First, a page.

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Kathy Mulady, (206) 992-8787
Donald Trump's cabinet nominees signal a war on working people, the poor, people of color, immigrants and women. In response, People's Action has launched an all-out effort to oppose these nominees that will engage its entire family of affiliates across 30 states.
People's Action has joined with allies nationwide in hosting resistance assemblies to insist that Congress reject nominees whose policies would put Americans in jeopardy, and begin planning future action. These assemblies will take place from December 14 to December 18.
After promising to help families, Trump's proposed cabinet is filled with billionaires, family-fortune heirs, a white supremacist, right-wing zealots, anti-government crusaders and a hedge-fund manager who foreclosed on a 90-year-old woman over 27 cents.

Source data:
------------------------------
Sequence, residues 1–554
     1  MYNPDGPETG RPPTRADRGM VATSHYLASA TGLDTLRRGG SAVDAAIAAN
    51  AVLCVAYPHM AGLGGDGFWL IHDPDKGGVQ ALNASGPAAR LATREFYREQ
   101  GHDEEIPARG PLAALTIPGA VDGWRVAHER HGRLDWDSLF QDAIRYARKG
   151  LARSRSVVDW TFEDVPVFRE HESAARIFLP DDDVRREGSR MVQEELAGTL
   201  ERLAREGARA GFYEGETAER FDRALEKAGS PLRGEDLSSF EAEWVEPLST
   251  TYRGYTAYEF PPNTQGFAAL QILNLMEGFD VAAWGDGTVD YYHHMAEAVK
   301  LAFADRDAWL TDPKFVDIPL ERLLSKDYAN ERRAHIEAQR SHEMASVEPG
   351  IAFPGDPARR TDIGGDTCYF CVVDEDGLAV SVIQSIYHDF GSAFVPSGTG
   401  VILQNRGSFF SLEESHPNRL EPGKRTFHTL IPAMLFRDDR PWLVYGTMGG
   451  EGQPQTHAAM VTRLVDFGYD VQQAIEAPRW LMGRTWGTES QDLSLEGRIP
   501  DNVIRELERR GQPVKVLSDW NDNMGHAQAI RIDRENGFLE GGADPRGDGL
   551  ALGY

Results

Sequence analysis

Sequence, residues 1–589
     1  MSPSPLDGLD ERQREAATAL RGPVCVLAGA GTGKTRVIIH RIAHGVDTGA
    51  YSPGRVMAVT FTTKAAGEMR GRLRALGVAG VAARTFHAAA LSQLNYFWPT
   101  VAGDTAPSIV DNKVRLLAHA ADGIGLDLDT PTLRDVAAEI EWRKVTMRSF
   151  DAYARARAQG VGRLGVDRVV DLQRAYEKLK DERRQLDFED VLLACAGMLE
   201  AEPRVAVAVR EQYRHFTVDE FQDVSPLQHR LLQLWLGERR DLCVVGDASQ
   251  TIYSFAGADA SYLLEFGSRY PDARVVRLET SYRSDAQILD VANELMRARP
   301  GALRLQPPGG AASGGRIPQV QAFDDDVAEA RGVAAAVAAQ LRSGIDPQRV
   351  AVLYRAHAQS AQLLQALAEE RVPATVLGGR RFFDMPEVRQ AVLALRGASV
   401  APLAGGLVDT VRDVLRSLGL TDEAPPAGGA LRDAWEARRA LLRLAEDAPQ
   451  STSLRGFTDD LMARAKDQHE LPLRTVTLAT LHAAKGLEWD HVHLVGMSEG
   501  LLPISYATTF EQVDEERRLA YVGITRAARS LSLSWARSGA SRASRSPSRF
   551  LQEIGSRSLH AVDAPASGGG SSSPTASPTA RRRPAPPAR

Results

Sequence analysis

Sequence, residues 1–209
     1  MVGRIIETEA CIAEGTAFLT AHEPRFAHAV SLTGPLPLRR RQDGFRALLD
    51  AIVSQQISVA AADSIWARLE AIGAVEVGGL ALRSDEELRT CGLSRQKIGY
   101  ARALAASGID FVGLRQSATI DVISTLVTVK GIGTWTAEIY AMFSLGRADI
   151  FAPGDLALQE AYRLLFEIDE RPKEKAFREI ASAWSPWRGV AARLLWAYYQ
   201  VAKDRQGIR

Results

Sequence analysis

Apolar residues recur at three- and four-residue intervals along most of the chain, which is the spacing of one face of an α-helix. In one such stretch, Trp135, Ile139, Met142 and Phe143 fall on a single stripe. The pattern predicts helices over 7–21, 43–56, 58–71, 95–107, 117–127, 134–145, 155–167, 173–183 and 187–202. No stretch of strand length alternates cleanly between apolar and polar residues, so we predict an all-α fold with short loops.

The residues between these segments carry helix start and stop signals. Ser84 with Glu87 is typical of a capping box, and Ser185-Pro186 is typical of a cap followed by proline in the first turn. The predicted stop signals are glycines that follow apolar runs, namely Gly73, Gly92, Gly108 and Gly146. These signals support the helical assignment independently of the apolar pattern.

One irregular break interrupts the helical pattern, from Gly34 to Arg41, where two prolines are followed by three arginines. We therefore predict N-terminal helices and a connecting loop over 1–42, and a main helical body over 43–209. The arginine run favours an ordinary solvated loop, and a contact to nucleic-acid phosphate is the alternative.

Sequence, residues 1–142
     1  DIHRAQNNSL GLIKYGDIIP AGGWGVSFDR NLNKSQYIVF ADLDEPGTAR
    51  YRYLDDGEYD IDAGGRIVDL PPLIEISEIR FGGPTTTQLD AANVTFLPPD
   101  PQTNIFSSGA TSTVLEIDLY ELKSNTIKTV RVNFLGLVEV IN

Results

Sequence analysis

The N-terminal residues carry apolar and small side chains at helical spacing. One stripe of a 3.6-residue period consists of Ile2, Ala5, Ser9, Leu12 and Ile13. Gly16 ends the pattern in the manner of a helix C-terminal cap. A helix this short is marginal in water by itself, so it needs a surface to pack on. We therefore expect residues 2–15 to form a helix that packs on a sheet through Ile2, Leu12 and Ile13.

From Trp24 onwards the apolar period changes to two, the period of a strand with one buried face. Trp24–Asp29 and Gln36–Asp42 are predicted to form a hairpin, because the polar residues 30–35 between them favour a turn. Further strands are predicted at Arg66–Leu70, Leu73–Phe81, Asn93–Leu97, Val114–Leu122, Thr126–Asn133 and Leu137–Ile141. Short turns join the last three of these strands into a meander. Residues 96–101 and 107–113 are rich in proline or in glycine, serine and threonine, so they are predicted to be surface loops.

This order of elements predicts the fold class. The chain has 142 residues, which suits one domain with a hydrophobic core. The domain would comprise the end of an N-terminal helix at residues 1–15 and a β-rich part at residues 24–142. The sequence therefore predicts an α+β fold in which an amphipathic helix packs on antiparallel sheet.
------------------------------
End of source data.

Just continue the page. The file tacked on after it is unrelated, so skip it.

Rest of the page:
They intend to auction our health care off to insurance corporations, shred our democracy, and destroy a nearly 200-year history of public education. In short, Trump has broken his promise to "drain the swamp" in Washington in favor of turning the swamp truly toxic.
"What Trump's cabinet appointees have in common is a track record of working in their own self-interest, not public service, and amassing personal fortunes, not fighting for working families," said LeeAnn Hall, co-director of People's Action.
The appointments are not final and the nominees must still be approved by the U.S. Senate.